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Supreme Court of Illinois.

The PEOPLE of the State of Illinois, Appellee, v. Enice LYLES, Jr., Appellant.

No. 98357.

Decided: December 01, 2005

Michael J. Pelletier, Deputy Defender, and Lisa E. Rousso, Assistant Appellate Defender, of the Office of the State Appellate Defender, Chicago, and Diana N. Cherry and Richard D. Frazier, of Metnick, Cherry, Frazier & Sabin, L.L.P., Springfield, for appellant. Lisa Madigan, Attorney General, Springfield, and Richard A. Devine, State's Attorney, Chicago (Linda D. Woloshin, Assistant Attorney General, Chicago, and Renee G. Goldfarb, Alan J. Spellberg and James E. Fitzgerald, Assistant State's Attorneys, of counsel), for the People.

We granted leave to appeal in this case in order to consider petitioner's challenge to the appellate court's dismissal of his appeal for want of prosecution.   Pursuant to our supervisory authority, we now reinstate the appeal and remand the cause to the appellate court.


In 1982 a Cook County jury convicted petitioner Enice Lyles, Jr., of one count of voluntary manslaughter and two counts of first degree murder for the deaths, respectively, of Mary Thigpen and her sons Robert and Roderick Nichols, aged four and five.   After a separate hearing he was sentenced to death for the murders and 14 years' imprisonment for voluntary manslaughter.   On appeal this court affirmed his convictions but vacated his death sentence and remanded for a new sentencing hearing because of prosecutorial misconduct during the sentencing hearing.  People v. Lyles, 106 Ill.2d 373, 87 Ill.Dec. 934, 478 N.E.2d 291 (1985).   On remand the circuit court sentenced petitioner to natural life imprisonment for the murders and the same 14-year term for the manslaughter conviction.

Petitioner filed a pro se postconviction petition in 1991, arguing ineffective assistance of trial and appellate counsel.   The circuit court dismissed the petition and the appellate court affirmed that dismissal.  People v. Lyles, No. 1-92-0464, 260 Ill.App.3d 1116, 221 Ill.Dec. 466, 675 N.E.2d 661 (1994) (unpublished order under Supreme Court Rule 23).

In 2001 petitioner brought the instant action by filing a second postconviction petition, this time alleging that his sentence violated Apprendi v. New Jersey, 530 U.S. 466, 120 S.Ct. 2348, 147 L.Ed.2d 435 (2000).   On August 30, 2001, the circuit court dismissed the petition as untimely and without merit.   Petitioner filed a notice of appeal, and on September 28 the office of the State Appellate Defender was appointed to represent him in his appeal.

After first obtaining an extension of time for filing the record on appeal, the Appellate Defender sought and was granted four extensions of time for filing petitioner's appellate brief between January and August 2002.   The last such extension resulted in a due date of October 11, 2002.1  The Appellate Defender did not file an appellate brief or any other motion by October 11, however, and on April 18, 2003, the appellate court dismissed the appeal for want of prosecution.

On May 23, 2003, 35 days after the appellate court dismissed the appeal, the Appellate Defender filed a “Motion to Reinstate and to Allow a Brief to be Filed Instanter.”   The State did not respond to the motion.   The appellate court granted the motion, reinstated the appeal and permitted petitioner to file his appellate brief instanter.

In the State's response brief in the appellate court, the State argued that the appellate court was without jurisdiction to reinstate the appeal.   The State maintained that the appellate court lost jurisdiction in the case when the court's order of dismissal became final, which, according to Supreme Court Rule 367(a), was 21 days from the date of the order's entry.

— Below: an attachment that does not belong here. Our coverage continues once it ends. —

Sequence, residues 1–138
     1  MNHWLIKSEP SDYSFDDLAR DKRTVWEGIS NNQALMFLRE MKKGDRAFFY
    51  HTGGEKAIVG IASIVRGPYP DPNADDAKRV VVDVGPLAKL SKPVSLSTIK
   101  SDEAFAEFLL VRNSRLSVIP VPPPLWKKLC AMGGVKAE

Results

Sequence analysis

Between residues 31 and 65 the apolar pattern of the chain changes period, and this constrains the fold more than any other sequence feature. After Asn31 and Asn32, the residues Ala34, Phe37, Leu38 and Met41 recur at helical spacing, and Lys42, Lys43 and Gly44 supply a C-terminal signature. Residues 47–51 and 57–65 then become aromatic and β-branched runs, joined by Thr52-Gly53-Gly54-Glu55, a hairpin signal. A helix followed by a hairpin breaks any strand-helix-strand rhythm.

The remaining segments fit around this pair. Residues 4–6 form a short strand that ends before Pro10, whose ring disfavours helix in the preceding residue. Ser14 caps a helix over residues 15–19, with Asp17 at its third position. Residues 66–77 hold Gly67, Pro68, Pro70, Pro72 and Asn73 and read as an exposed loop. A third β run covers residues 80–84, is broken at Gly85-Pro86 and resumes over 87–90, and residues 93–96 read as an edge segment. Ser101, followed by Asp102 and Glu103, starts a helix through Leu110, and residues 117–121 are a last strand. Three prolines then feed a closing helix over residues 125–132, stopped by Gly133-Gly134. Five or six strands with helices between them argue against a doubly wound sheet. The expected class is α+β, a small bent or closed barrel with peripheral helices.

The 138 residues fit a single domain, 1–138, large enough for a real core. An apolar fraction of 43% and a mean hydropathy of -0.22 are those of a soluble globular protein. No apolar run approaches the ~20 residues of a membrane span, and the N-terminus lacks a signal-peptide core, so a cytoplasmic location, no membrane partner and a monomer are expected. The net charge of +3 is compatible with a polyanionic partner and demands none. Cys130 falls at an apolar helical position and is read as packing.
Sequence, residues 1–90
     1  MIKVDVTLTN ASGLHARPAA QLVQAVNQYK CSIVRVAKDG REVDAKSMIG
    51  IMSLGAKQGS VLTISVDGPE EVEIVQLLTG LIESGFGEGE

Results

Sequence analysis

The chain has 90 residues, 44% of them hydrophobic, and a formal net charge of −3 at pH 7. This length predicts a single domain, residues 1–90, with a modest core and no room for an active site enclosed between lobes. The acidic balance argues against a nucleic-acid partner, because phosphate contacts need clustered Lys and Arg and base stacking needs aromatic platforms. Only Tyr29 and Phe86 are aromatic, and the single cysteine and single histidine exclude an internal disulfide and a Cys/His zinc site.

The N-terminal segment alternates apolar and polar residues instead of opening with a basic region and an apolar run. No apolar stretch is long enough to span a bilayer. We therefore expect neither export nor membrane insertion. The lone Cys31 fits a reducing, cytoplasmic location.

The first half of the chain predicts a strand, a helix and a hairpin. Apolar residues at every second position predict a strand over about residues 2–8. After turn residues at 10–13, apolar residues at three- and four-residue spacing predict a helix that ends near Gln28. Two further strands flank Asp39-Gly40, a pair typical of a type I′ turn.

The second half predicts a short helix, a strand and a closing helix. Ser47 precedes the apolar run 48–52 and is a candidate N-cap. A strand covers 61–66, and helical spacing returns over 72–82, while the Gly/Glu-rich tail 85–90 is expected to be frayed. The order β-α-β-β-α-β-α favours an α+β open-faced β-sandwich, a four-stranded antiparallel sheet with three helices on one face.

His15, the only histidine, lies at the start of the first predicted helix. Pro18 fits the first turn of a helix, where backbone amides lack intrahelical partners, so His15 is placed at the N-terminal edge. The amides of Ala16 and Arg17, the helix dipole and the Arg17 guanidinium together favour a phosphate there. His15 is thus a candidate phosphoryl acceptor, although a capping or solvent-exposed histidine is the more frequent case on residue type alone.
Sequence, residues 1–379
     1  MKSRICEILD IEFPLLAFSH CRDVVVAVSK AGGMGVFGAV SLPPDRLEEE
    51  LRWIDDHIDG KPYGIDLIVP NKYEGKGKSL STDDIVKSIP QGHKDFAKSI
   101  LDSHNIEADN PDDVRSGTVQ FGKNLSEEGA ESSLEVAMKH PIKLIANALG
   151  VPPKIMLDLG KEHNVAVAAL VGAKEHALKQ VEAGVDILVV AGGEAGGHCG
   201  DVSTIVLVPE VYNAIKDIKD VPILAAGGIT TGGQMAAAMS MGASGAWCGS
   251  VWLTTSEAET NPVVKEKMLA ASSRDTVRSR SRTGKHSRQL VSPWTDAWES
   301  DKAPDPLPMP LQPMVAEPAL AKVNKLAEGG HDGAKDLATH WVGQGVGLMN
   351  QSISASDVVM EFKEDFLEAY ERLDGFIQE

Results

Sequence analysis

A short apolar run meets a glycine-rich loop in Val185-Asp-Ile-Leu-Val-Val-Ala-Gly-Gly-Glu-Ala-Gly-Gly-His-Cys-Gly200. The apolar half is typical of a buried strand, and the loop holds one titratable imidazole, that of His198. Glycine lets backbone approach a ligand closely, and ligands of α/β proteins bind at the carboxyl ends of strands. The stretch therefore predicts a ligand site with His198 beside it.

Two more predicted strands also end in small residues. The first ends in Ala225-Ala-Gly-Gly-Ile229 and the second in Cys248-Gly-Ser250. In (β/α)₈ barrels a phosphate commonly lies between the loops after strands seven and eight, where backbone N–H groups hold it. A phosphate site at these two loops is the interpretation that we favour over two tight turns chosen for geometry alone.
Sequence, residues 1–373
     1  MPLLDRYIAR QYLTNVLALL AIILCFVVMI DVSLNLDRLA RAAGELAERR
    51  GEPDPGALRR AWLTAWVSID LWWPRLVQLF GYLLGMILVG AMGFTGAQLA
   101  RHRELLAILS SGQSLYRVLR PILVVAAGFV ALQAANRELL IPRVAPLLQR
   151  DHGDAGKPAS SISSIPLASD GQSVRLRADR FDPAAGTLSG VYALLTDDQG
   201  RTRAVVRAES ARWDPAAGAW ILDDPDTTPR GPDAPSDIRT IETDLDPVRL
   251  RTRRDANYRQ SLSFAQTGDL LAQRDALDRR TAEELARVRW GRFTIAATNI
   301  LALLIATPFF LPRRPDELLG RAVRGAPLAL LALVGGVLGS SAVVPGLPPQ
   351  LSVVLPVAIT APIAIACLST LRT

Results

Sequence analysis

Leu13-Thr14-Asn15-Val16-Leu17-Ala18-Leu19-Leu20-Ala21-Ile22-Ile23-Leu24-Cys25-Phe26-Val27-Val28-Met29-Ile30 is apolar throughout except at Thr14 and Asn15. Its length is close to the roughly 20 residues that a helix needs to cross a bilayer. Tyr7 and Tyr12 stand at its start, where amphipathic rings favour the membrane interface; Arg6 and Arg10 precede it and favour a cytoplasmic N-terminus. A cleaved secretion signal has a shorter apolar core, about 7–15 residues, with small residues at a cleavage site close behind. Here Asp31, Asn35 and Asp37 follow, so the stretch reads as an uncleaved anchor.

The appellate court agreed with the State, vacated its order reinstating the appeal, and dismissed the appeal for lack of jurisdiction.  347 Ill.App.3d 100, 282 Ill.Dec. 875, 807 N.E.2d 499.   After noting that Rule 367(a) gives a party only 21 days to file a petition for rehearing after a reviewing court's judgment is filed (155 Ill.2d R. 367(a)), the court then referred to two decisions of this court, Woodson v. Chicago Board of Education, 154 Ill.2d 391, 182 Ill.Dec. 15, 609 N.E.2d 318 (1993), and People v. Moore, 133 Ill.2d 331, 140 Ill.Dec. 385, 549 N.E.2d 1257 (1990).   In Woodson, this court held that the appellate court lost jurisdiction of an appeal when no petition for rehearing was filed within 21 days after the court had dismissed the appeal for want of prosecution.   In Moore, by contrast, this court held that a criminal defendant ought not to lose his right to a direct appeal as the result of ineffective assistance of appellate counsel and that reviewing courts should reinstate direct criminal appeals which had been dismissed for want of prosecution as the result of appellate counsel's misconduct or neglect.  Moore, 133 Ill.2d 331, 140 Ill.Dec. 385, 549 N.E.2d 1257.   The appellate court distinguished Moore from the present case on the ground that Moore involved a direct criminal appeal and that, in such circumstances, due process required the effective assistance of counsel.   347 Ill.App.3d 100, 282 Ill.Dec. 875, 807 N.E.2d 499.   The court noted that petitioner's appeal here was not a direct appeal from a criminal conviction but, rather, an appeal from a collateral, postconviction challenge to a criminal conviction, a proceeding which does not guarantee the same constitutionally driven right to effective assistance of counsel found in the direct appeal situation.  347 Ill.App.3d 100, 282 Ill.Dec. 875, 807 N.E.2d 499.   In light of this distinction, the appellate court concluded that the instant case was more akin to Woodson than Moore and, accordingly, dismissed the appeal.

Justice Hall dissented.   She argued, first, that the appellate court retained jurisdiction because the court never issued its mandate after the April dismissal order, citing Whitcanock v. Nelson, 81 Ill.App.3d 186, 36 Ill.Dec. 418, 400 N.E.2d 998 (1980).   The dissent suggested that Woodson may have erred in failing to recognize the jurisdictional significance of issuance of the mandate.   Second, the dissent argued that due process considerations supported reinstatement of the appeal even if the court had lost jurisdiction due to passage of time after the decision was rendered.